DOUG SPALDING LANDSCAPE PHOTOGRAPHY

 

Alder Stream

Corinna Maine  

 

     This is one of the easy canoe/kayak trips I'll tell you about over the summer. To me, small boats are a perfect way to enjoy the out of the way places in Maine. i hope you'll enjoy reading about these short trips and decide to try them yourself some time.

By 6:30 Tuesday morning I was on Alder Stream in Corinna. I'd forgotten that the dam was partially washed a while back and the water was lower than usual. Since my canoe only draws about 4 inches of water I decided to paddle the stream anyway.  If you take the Alder Stream trip be sure to watch for rocks in this glacial waterway. 

     Almost as soon as I began paddling an immature bald eagle flew over, chased by a pair of crows.  Not long after that there were crows being harassed by red-winged blackbirds as a pair of loons swam nearby. Along the edges of the stream frolicked a myriad of sandpipers, taking advantage of the low water to catch some breakfast. Lesser yellowlegs, another shorebird, also searched along the waterís edge. Keening overhead were kingfishers and osprey. Mallard ducks swam ahead of my canoe as I worked my way upstream. There was a beaver house under repair, but I didnít get to see the beavers this time. The sound of Pileated woodpeckers echoed over the water. Off in the distance could be heard vehicles on the highways. It was easy to tune those out and just listen to the sounds of nature and enjoy the reflections of the trees on the water. 

     About a half hour into the trip, as the water neared 3 inches deep, the 12-foot wide granite block bridge over the Exeter Road came into view. Thinking that might well be the end of the stream today I paddled as close to it as possible, so as to admire the workmanship of the bridge. I was pleased to find enough water so I could pass under the road and continue upstream. It was another 45 minutes before the stream finally shallowed up enough that I would have had to get out and portage over the gravel bar. Since May has traditionally coolish water , and since the air temperature was only 43įs I decided to turn around and head back. A brisk breeze picked up and blew in the same direction as I was going. A rare enough treat when the wind almost always blows in the opposite direction from where one tries to paddle.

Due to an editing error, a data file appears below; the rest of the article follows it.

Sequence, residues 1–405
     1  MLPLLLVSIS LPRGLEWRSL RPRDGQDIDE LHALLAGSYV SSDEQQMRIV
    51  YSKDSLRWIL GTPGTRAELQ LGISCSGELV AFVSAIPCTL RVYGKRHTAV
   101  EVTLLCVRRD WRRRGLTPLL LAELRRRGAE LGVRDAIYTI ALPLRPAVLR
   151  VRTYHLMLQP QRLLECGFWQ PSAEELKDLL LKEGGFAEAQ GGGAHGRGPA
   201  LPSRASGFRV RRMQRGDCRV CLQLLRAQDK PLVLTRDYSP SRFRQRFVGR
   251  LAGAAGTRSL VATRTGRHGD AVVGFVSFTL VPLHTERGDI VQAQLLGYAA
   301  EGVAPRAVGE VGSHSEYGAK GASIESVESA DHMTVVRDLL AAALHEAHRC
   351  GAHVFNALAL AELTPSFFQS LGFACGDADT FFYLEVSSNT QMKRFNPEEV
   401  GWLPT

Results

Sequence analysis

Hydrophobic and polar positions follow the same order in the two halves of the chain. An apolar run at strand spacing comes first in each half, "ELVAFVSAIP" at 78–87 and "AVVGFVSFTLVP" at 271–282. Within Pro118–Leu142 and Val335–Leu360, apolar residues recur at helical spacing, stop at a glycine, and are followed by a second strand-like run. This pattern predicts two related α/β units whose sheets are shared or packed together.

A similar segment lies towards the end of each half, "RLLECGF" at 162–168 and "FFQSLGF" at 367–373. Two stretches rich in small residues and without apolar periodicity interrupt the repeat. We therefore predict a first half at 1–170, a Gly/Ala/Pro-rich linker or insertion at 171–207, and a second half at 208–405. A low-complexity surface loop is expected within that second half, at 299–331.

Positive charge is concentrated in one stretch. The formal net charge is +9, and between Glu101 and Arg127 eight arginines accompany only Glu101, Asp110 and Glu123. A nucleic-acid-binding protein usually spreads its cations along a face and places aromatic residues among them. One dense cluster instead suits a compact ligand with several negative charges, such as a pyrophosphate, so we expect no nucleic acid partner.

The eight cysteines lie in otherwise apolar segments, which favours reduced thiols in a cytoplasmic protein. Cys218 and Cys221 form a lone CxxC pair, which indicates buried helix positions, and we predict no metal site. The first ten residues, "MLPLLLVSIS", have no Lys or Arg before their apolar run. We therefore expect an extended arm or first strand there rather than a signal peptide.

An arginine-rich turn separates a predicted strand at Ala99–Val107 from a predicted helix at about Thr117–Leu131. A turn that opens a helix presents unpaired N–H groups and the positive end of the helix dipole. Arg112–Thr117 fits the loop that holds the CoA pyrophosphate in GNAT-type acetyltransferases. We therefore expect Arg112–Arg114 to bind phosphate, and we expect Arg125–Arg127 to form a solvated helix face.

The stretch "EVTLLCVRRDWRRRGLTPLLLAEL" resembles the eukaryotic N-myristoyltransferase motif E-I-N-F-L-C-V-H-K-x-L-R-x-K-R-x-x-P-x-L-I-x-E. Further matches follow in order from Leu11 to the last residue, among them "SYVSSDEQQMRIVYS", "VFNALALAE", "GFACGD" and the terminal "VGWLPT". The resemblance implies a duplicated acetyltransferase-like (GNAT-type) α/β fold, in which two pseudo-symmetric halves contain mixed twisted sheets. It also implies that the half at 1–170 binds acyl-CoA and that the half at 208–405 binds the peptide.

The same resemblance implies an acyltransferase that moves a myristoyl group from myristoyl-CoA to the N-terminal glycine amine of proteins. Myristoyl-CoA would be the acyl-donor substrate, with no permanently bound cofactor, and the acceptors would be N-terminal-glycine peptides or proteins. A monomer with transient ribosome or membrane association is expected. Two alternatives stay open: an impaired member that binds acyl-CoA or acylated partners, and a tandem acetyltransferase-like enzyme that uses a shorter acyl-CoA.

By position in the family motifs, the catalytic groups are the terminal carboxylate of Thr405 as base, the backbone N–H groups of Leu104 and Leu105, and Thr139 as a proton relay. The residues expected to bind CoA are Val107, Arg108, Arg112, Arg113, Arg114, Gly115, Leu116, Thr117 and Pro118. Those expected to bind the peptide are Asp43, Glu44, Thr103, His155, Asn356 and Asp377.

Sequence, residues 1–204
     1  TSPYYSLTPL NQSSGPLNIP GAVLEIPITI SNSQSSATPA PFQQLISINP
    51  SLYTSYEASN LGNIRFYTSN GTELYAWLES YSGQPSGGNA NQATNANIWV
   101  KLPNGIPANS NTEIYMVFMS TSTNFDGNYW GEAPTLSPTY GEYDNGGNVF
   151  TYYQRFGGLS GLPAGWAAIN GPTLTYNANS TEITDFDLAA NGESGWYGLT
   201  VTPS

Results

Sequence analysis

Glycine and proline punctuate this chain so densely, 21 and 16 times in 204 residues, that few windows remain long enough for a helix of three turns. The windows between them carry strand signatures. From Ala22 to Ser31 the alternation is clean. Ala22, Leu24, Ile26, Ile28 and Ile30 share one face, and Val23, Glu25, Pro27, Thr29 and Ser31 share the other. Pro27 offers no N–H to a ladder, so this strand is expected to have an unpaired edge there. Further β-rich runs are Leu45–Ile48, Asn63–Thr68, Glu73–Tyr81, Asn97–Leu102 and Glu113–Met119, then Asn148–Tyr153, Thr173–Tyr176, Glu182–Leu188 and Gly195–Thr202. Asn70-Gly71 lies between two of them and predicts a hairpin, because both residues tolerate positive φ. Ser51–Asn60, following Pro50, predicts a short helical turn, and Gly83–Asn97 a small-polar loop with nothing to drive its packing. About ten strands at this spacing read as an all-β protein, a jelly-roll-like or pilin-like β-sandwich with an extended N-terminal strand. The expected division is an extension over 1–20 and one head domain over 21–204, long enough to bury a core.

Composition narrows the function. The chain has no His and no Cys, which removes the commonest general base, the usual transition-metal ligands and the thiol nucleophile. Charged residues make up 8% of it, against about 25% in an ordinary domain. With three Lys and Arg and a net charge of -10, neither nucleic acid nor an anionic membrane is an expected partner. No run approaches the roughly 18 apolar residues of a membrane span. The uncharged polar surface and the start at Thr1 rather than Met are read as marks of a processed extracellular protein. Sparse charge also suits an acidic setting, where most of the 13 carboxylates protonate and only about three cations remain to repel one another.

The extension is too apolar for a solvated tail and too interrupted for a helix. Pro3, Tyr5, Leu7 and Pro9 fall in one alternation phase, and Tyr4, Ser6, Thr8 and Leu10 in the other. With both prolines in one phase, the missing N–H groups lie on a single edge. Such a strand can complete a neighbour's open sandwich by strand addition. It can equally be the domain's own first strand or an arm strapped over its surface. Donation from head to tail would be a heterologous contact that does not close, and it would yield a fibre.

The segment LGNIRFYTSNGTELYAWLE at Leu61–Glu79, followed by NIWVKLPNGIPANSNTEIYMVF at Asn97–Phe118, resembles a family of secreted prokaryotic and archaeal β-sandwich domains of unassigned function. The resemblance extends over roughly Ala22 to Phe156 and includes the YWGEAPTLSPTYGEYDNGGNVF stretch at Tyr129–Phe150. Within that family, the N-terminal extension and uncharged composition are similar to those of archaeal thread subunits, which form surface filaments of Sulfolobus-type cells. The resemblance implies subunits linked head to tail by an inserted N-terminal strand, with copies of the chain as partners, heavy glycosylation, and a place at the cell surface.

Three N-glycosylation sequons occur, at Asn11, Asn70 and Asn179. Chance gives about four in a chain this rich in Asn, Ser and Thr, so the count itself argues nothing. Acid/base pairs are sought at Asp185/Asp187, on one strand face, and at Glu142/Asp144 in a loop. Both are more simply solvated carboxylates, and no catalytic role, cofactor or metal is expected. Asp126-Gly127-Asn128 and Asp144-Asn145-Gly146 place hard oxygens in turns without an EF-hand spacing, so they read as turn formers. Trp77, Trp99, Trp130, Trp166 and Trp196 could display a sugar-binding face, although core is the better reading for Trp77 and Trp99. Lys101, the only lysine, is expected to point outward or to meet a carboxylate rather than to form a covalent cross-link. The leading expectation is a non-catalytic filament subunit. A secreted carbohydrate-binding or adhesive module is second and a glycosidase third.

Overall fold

The trip back to the car was quicker than the trip upstream, the entire trip taking about 2 hours. I find that leaving the vehicle and paddling upstream is a good way to see new territory without the inconvenience of having to leave a second car at the end point. I travel upstream until I'm tired or time gets short and then ride the gentle currents back to the start point. 

     Directions to Alder Stream:

From Corinna village, travel east on Rt 222 towards Newport. About ĺ of a mile on that road brings you to the sharp right-hand curve where the Smith Road leaves Rt 222 on your left. Turn left into the small town park and leave your vehicle there. Enter the water on the right-hand side of the stony beach. The left side is muddy and rocky.    

     As always, remember to be courteous to neighbors nearby where you launch. Take your personal flotation device, water and snacks enough for the trip, a change of clothing, camera, binoculars, sunscreen, sunglasses and a hat. Plan for weather changes and have enough clothing for dropping temperatures and wind or rain. Leave your valuables at home or take them in the boat with you, stored in a watertight bag. I prefer to take only the essentials and leave the expensive things at home. Unfortunately there are people who target vehicles left on the roadside so donít tempt thieves or fate by leaving things to steal.

 

     Enjoy your paddling-see you on the water

Alder Stream1 5 08.JPG (213471 bytes) Alder Stream2 5 08.JPG (251946 bytes) Alder Stream3 5 08.JPG (357219 bytes)

 

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